Will Your Travel Medical Insurance Really Cover You?
A few years ago, a good friend of mine had a brain aneurysm that nearly cost him his life. While the road to recovery has not been easy, I’m happy to report that he’s doing quite well these days and is able to be there to for his wife and two young kids.
I was very excited to see him post on social media recently that after four very tough years, they were going on their first family vacation to a resort in Mexico for two weeks. But that same post got me thinking. What would happen if he had a medical event while in Mexico? Would he qualify for any type of travel medical insurance?
After reaching out to him, I found out that he had been told that the optional travel insurance that was offered with their vacation package would be just fine, so he had planned to use that. A quick scan through the fine print told me that he would in fact not be protected at all. Fortunately in this case, we were able to catch this serious risk in time and found an insurer who would provide suitable protection that covered his previous medical conditions.
There are far too many Canadians who pack their bags and head outside the country without realizing how much financial risk they are being exposed to without proper medical insurance. It does not take long to rack up a $1 million hospital tab and the inability to pay this bill could lead many families to bankruptcy. Many of these travelers have travel health insurance plans in place and incorrectly think they’re protected.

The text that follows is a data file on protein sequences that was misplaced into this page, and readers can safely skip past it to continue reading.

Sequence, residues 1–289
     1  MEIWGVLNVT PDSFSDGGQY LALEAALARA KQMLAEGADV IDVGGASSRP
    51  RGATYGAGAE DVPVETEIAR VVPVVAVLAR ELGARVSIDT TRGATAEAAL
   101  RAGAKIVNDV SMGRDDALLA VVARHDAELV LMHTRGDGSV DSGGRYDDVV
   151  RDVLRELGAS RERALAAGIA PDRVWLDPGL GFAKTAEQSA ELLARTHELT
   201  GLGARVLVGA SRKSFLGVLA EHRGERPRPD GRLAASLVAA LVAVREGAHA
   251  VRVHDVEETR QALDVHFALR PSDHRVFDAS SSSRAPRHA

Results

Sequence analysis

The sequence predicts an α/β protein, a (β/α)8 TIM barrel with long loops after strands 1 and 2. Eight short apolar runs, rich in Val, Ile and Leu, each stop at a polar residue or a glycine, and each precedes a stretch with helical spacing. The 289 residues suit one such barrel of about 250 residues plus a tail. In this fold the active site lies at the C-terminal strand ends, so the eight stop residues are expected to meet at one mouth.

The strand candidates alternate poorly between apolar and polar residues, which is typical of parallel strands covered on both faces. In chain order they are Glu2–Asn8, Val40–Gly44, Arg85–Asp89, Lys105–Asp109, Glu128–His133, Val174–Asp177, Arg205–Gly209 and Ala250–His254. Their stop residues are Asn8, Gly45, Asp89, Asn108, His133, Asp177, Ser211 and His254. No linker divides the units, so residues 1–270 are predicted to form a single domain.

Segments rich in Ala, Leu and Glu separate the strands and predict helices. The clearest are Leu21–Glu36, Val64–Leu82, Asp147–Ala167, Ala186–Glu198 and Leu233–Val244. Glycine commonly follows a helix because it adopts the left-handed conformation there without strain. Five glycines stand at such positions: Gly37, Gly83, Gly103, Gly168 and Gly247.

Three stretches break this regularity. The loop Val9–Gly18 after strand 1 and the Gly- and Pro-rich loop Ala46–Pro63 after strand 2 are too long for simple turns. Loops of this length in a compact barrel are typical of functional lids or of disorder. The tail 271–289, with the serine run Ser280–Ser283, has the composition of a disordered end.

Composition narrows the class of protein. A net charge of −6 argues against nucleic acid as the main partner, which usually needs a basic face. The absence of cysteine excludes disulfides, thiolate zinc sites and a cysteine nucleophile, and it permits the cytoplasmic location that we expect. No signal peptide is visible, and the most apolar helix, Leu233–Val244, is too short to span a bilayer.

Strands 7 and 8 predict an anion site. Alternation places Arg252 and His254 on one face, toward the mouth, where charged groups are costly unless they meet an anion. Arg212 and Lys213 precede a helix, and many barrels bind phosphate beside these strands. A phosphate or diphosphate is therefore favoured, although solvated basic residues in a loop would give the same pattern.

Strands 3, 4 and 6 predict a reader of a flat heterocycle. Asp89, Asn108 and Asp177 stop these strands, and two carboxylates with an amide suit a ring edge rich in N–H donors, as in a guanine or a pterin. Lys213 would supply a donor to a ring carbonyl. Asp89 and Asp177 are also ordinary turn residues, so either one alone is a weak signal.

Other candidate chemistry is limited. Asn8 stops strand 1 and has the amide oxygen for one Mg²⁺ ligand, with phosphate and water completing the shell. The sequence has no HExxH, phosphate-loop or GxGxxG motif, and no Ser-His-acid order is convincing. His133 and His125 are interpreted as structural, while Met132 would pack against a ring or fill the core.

The single biggest risk group I see is those that choose to travel while pregnant. For example, a few years ago there was a couple from Saskatchewan that decided to go to Hawaii for one last trip before their first baby arrived.
The wife was about 25 weeks pregnant and their insurance policy stated that a pregnant woman is covered for out of country travel up to the 32-week mark. They even went so far as to consult with their family doctor who assured her that she was ok to travel still before they left. Their doctor however, could not speak on behalf of their insurance provider.
While they did have insurance, they neglected to read the fine print. The same fine print that exists in every major travel insurance policy that I can find. While the expectant mother was possibly covered, a policy I read from the same company stated that “If a dependent child is born while the child’s mother is outside of her province of residence, the dependent child will not be insured with respect to that trip”.
In this case of this Saskatchewan family, the mother gave birth to a 9-week premature baby while in Hawaii and their new daughter spent almost two months in the neo-natal intensive care unit before she was strong enough to fly home. Their total bill was just under $1 million.
This type of risk is not just for travel to the United States either. An Australian couple visiting Vancouver a couple of years ago had a premature baby at just 26 weeks gestation and their 90 days of care costs them almost $750,000 in our “cheaper” medical system.
For anyone who’s pregnant, I strongly advise against any foreign travel beyond the four-month mark. Sure a premature birth may not happen to you but then again, it might.
The point I’m trying to make is that you really need to understand what your travel insurance will and won’t cover and if you’re pregnant or have a pre-existing condition, travelling away from home might be a lot riskier than you think. Before you pack your bags for “one last trip”, take a moment to consider how much it might really cost.